The United States has 24 counties that border Mexico comprising a population of about 6.5 million individuals, mostly young (29% < 18 years of age) and Hispanic (> 50%). The area has high poverty rates, low levels of education, a high proportion of uninsured individuals (mean: 26%; range: 20%-38%), and a chronic shortage of health professionals (11). Within this area are the two cities selected for the present study: Ciudad Juárez, Mexico, and El Paso, Texas-economically and socially intertwined, essentially constituting one metropolitan area with 2 million inhabitants, yet separated by an international border.

Several studies of United States border cities show that 20%-30% of the residents receive health care services in Mexico (12-16), and an even higher percentage use its pharmacies. Buying medication in Mexico is convenient because regulators only enforce the prescription requirement for controlled substances3 and antibiotics, the latter only since August 2010. Socioeconomics also come into play: the proportion of United States residents using Mexican pharmacies is higher among low-income groups (15-20). A study of 80 low-income migrant households in El Paso County, Texas, found that 40% of those who had been sick during the 12 months prior to the interview self-medicated, while an additional 10% used Mexican pharmacies and a full 85% had obtained medications from Mexico (21). In Ciudad Juárez, pharmacy chains are rapidly expanding. Individually-owned pharmacies, referred to as traditional pharmacies, are dispersed throughout the city and primarily serve the local population. They tend to be small and their prices are higher than those of pharmacy chains. Unable to compete with the chains, traditional pharmacies are closing, or staying afloat by reducing their pharmaceutical stocks and selling other products, such as food, flowers, and/or furniture, and offering services, such as photocopying (22). Pharmacy chains tend to be located in shopping centers and within close proximity of the international bridges (1-3 blocks away). There are no Mexican regulations dictating who can own a pharmacy, but physicians are not permitted to practice on the premises (23). Nevertheless, most pharmacies have arrangements with physicians in nearby "clinics," some adjacent to the pharmacy, but with a separate entrance. These walk-in clinics offer consultations at affordable prices (22, 24). Mexican pharmacies require a current doctor's prescription only for controlled substances and antibiotics (as of August 2010); all other prescriptions can be reused for as long as the client keeps them (23). Thus, simply having a prescription does not ensure that the client is currently under medical supervision. Moreover, a controversial regulation to discourage self-medication limits the amount of information available on the pamphlet insert that accompanies most prescription medications (23); therefore, patients have to rely on the information written in the prescription, or on the verbal recommendation of clerks.

Regarding pharmacy clerks, Mexico does not impose any educational prerequisites beyond completion of secondary education for the position, though clerks can be quite influential. Clerks work largely unsupervised since Mexican law requires that a chemist-pharmacobiologist (QFBs) be present only for a few hours per week in pharmacies where controlled substances are sold. QFBs are primarily trained to work for industries and chemical or clinical labs; only recently have a few universities started training hospital and community pharmacists.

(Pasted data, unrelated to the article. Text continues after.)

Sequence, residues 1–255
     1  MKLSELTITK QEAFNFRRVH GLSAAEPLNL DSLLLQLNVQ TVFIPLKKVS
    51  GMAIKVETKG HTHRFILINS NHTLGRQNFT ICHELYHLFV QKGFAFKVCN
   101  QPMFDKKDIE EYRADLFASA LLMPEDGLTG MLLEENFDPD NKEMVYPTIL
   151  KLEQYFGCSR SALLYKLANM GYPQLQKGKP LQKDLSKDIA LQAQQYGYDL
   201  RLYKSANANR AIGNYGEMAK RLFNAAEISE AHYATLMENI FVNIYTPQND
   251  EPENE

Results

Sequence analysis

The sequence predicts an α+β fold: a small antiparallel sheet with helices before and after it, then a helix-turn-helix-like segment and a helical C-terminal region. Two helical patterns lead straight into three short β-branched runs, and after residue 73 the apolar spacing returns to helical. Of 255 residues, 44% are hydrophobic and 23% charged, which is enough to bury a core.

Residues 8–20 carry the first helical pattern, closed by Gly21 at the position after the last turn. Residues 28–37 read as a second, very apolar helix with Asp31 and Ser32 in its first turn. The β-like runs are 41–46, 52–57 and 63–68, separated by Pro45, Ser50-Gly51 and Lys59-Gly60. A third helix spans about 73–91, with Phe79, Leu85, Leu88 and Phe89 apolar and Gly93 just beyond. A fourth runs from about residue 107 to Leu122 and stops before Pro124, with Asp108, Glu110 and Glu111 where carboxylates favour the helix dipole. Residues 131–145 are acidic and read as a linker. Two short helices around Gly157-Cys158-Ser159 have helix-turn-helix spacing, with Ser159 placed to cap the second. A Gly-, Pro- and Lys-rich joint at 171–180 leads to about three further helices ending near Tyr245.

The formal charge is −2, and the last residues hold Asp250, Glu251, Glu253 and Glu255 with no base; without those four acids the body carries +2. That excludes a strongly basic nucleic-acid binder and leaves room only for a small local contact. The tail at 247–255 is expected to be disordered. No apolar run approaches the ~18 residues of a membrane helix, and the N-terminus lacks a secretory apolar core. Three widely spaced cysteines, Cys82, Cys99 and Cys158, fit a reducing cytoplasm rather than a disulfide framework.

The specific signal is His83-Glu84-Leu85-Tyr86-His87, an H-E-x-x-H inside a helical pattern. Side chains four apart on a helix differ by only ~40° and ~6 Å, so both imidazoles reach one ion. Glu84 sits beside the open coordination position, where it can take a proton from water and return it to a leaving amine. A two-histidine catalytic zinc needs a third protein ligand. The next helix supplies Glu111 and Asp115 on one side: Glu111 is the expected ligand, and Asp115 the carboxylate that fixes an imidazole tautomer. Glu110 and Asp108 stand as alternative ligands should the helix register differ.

The study objectives were: 1) to determine the sociodemographic characteristics and health and pharmaceutical needs of pharmacy clients in Ciudad Juárez; and 2) to establish the role and capability of the pharmacy clerks to contribute to the appropriate use of pharmaceuticals in the area.



This was a descriptive, cross-sectional study of pharmacies, pharmacy clerks, and pharmacy clients in Ciudad Juárez, Mexico, conducted in August 2007-January 2008. A convenience sample of pharmacies was drawn from the 2007 municipal records of Ciudad Juárez, which listed 308 private pharmacies; of these, 208 were individually-owned, and the remainder, pharmacy chains. After plotting these on a city map, 32 pharmacies were selected, giving preference to those frequented by border residents. Of these, 23 were pharmacy chains and 9 were traditional. Some were accessible to pedestrians crossing from El Paso; others were in or near major shopping centers frequented by United States residents; and a few were located in the interior of Ciudad Juárez. All of the traditional pharmacy owners agreed to participate. Access to pharmacy chains had to be obtained from the company headquarters, all but one of which was located in other cities. This was a cumbersome process that, in some cases, took several months. All but two agreed to participate.

The study had three components:

I. A survey of 230 pharmacy clients, half of which were United States residents. The interviewers approached the clients as they left the pharmacy, explained the study and, if eligible, obtained their consent and applied the questionnaire. Eligible clients had to have purchased medications and be at least 18 years of age. After asking to see their purchases, the interviewer took note of product names; amounts purchased; whether or not the consumer had a prescription, and if not, who had recommended the medication; the sociodemographic characteristics of the client; the sociodemographic characteristics and health problems of the end-user of the products; the reason(s) why a United States resident was purchasing medicine in Mexico; and their experience with United States customs. All, except one, of the interviews were conducted in Spanish; 82% took place in the pharmacy and the remainder, on the sidewalk immediately outside.